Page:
Israel's former army chief of staff accepted the job of defense minister Saturday, after the post became vacant with the resignation last week of Labor Party leader Binyamin Ben-Eliezer from the coalition government.

Shaul Mofaz's appointment by Prime Minister Ariel Sharon is to be put before Israel's parliament for confirmation on Monday, Sharon's office said in a statement.

Mofaz has a reputation as a hard-liner and oversaw the army's crackdown against the Palestinian uprising for most of the past two years. He also has advocated exiling Palestinian leader Yasser Arafat.

In the West Bank on Saturday, Israeli soldiers thwarted an attempted suicide bombing when they stopped two Palestinians carrying an explosive belt in a car at a checkpoint in the West Bank, the army said.

The men were stopped at Tappuah junction, south of the city of Nablus and later taken in for questioning. The belt was detonated, an army statement said.

Ben-Eliezer and five other Labor ministers quit the government on Wednesday amid a squabble over settlements funding in the West Bank and Gaza. The move left Sharon's coalition with only 55 seats in the 120-seat parliament. He is widely expected to turn to ultra-right and religious parties to muster the majority he needs.

Sharon held talks on Friday night with former Premier Benjamin Netanyahu, offering him the foreign affairs portfolio formerly held by Labor's Shimon Peres. No decision was reached and the two planned to resume talks on Sunday, an official said.

A senior official in Sharon's office, speaking on condition of anonymity, said that despite the cabinet shake-up, the government's policies would remain unchanged, and Israel would honor all its pledges to the United States. He did not elaborate, but one of Sharon's commitments to President Bush is to not physically harm Arafat.

Speaking in an interview broadcast Saturday on BBC television, Peres said he thought the Sharon government's days were now numbered.

"He can limp on, (but) not for a very long period of time, because when you have a small coalition -- which means a small grouping with many parties -- you are in trouble. Every small party becomes a pressure group," Peres said. The interview took place in Mallorca, Spain, where Peres was attending an annual Israeli-Palestinian political conference.

The daughter of slain Prime Minister Yitzhak Rabin said a hardline government could revitalize liberal opposition.

"An extreme right government could put wind back into the sails of the peace movement," Dalia Rabin-Pelossof told Israeli television at a Tel Aviv rally marking seven years since the Nov. 4, 1995 assassination of her father.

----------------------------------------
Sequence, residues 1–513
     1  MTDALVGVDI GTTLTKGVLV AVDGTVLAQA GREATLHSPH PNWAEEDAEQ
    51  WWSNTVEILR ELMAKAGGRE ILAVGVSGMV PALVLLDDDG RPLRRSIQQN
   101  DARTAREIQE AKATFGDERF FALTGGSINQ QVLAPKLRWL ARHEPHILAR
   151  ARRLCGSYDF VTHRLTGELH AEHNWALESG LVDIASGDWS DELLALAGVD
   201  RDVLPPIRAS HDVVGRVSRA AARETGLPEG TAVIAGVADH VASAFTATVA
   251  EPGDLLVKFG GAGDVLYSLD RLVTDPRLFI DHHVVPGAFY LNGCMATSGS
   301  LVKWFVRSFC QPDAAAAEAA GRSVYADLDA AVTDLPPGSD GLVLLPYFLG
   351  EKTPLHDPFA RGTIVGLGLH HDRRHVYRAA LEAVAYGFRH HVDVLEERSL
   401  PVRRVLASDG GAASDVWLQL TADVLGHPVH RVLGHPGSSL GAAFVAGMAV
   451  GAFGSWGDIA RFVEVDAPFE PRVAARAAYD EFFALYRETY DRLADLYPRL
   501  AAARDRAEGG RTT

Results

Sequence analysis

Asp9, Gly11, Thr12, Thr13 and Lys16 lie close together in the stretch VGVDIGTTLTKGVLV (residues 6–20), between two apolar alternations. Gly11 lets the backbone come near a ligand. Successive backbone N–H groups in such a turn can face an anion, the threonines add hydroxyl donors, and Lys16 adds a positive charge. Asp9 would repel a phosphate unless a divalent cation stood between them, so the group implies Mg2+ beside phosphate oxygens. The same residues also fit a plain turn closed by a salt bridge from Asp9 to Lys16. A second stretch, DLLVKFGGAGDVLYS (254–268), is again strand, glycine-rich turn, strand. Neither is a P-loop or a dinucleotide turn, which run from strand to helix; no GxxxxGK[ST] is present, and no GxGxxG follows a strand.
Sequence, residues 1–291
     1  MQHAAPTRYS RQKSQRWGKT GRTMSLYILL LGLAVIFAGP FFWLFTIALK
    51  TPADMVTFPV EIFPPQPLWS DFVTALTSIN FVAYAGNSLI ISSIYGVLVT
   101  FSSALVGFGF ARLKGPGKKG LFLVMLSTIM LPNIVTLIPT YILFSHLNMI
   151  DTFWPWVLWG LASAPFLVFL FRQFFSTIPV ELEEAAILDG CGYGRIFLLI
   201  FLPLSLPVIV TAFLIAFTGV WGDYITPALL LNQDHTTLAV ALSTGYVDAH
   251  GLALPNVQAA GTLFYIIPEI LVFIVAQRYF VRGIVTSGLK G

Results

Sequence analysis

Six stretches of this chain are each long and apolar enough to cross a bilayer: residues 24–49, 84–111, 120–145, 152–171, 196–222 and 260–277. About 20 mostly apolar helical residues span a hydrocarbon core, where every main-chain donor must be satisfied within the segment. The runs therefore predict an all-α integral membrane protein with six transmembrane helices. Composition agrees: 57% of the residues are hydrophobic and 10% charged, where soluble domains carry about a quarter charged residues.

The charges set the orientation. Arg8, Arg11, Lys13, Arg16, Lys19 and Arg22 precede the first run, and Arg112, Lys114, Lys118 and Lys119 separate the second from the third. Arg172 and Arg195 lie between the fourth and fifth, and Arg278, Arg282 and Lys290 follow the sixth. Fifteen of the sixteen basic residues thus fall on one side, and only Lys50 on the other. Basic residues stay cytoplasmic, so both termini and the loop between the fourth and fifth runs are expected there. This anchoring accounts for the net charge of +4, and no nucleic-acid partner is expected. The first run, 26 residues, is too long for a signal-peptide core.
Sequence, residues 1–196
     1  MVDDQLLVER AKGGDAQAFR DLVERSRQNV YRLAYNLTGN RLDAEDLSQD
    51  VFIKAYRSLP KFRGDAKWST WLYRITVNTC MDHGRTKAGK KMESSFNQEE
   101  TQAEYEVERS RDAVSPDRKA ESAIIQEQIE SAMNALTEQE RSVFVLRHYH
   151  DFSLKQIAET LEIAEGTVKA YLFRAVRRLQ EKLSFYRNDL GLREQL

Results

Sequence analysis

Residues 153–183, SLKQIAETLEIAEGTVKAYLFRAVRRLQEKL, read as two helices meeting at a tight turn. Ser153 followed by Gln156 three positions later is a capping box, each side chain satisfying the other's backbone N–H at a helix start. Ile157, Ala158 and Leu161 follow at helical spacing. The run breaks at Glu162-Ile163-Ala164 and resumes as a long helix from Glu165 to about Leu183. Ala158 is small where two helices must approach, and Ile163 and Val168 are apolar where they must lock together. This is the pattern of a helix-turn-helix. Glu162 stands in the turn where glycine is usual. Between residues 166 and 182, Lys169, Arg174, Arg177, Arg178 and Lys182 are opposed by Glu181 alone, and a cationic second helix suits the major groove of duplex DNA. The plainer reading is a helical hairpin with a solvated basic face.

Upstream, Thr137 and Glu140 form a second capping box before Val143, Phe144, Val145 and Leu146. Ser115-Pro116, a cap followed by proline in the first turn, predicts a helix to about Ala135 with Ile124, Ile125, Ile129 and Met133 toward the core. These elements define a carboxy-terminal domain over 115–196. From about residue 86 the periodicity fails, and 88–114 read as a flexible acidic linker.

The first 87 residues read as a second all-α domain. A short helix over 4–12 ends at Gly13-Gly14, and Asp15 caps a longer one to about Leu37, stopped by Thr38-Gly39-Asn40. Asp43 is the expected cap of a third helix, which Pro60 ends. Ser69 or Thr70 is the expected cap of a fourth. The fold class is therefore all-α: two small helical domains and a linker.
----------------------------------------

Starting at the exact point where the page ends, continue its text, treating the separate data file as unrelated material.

About 100,000 people turned up for the event, held in the same square where Rabin was gunned down by an extremist Israeli who opposed his policy of compromise with the Palestinians, the television report said.

The crowd watched videotaped greetings from former President Clinton, Egyptian President Hosni Mubarak, and Jordan's King Abdullah, who said that if Rabin were alive today he would be shocked and angered by the Mideast violence but not discouraged from trying to end it.

"The vast majority of people on both sides want peace," Abdullah said. "It's up to us to listen to the voices of peace, or bow to the obstructionists, the extremists, the opportunists."

One candidate for inclusion in the cabinet is the far-right National Union-Israel Beiteinu party, which has seven seats, enough to restore the government's majority.

The party was originally part of Sharon's coalition when it was formed last year, but later left amid policy disputes.

National Union legislators have said they want Sharon to distance himself from some of the policies they believe were put in place to appease the Labor Party.

The National Union opposes negotiations with the Palestinians and favors annexing the West Bank and Gaza Strip, lands the Palestinians want for a future state. Some party members support expelling the Palestinians from the West Bank and Gaza Strip.

Arab League Secretary-General Amr Moussa said Saturday that a new Israeli government would make little real difference.

"The former coalition government did not have any limits. It attacked, killed, destroyed. So what would a right wing government do, more? At least this time things will be clear," Moussa told reporters upon his arrival in Jordan for an Arab summit.